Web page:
An Epically Bad Cut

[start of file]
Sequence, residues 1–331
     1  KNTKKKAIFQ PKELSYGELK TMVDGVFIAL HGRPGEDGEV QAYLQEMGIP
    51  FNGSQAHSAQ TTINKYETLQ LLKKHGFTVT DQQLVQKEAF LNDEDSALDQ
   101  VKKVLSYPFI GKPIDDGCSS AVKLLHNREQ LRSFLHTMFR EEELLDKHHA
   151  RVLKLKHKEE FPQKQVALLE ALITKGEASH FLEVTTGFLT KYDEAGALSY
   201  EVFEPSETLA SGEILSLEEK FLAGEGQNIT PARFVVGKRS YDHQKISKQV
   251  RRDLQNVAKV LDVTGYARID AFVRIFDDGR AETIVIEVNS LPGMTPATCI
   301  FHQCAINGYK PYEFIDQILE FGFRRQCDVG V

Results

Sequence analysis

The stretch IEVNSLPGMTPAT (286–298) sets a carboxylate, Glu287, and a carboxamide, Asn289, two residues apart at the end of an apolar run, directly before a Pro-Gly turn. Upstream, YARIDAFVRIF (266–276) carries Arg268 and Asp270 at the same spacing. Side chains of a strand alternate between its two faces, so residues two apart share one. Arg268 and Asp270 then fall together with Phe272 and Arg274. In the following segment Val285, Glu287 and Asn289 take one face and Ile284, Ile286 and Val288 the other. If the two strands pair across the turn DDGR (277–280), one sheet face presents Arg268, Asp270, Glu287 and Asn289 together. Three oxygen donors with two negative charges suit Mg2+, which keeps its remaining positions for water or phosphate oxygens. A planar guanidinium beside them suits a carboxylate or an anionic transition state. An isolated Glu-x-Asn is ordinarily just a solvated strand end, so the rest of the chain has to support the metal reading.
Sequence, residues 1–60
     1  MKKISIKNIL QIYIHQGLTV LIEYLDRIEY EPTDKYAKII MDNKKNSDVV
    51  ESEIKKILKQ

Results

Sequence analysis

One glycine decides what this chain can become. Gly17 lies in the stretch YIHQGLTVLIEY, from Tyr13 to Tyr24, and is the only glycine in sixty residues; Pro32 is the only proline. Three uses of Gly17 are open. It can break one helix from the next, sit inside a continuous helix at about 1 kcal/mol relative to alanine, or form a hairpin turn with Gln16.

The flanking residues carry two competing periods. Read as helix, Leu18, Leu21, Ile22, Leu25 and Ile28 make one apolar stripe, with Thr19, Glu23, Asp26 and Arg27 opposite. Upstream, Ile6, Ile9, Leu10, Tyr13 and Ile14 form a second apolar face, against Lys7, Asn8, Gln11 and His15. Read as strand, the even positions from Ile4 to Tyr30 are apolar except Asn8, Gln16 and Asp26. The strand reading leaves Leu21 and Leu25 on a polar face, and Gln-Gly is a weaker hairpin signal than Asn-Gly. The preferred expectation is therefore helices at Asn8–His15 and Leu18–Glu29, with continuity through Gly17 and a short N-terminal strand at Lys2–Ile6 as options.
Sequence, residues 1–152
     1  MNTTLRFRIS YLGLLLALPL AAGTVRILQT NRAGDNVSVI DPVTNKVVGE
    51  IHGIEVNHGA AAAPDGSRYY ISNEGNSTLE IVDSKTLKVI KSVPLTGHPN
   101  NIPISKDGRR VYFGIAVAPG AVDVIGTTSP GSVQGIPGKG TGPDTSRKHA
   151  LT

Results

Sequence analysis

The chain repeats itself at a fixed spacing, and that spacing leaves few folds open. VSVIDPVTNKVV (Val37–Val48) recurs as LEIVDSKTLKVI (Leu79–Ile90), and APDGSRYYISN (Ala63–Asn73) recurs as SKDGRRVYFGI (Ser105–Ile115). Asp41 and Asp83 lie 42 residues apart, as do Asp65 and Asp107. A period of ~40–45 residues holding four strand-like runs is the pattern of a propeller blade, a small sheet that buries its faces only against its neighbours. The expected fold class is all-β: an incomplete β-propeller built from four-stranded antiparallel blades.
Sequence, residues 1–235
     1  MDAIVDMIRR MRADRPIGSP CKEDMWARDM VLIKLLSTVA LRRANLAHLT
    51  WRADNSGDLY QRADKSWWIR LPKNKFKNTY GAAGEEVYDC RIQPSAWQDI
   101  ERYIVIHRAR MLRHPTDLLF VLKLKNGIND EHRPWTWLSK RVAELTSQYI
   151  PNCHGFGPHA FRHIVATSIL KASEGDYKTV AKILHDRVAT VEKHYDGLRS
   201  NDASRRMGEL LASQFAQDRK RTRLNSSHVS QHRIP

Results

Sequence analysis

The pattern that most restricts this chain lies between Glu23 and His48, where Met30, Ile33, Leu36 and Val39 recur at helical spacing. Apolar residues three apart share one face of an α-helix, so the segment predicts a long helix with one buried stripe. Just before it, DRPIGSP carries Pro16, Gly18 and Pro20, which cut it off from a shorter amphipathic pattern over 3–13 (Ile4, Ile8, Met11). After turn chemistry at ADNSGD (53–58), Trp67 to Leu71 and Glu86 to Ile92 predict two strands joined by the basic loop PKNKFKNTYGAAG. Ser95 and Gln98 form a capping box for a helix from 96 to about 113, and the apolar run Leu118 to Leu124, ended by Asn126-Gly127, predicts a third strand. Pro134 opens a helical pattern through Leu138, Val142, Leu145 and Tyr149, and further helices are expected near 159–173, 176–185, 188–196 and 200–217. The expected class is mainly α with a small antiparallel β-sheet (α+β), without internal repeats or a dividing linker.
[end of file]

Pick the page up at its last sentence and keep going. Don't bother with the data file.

An every-day expression offers a fabulous glimpse into how a mindless decision to shorten something turned it from brilliant to drivel. The expression is, “happy as a clam.” There is nothing whatsoever happy about a clam, and yet the phrase has insinuated itself into the language. It’s a mystery, and like all good mysteries, if you solve it, you have a wonderful revelation. The original expression was “happy as a clam at high tide,” which is wonderfully wry and clever. It invites the reader to become a party to the joke, deducing that a clam must indeed be thrilled at high tide. Well, as thrilled as a creature who lives in muck and filters dirty water for a living can be. By comparison, anyway. Because at low tide, as everyone knows, oysters are exposed to humans, who delight in plucking them from the muck, frying them up and slurping them down. Some editor somewhere in the pre-history of editing thought he could save a few words by cutting the “at high tide” from the statement. That editor was stupid as a clam.

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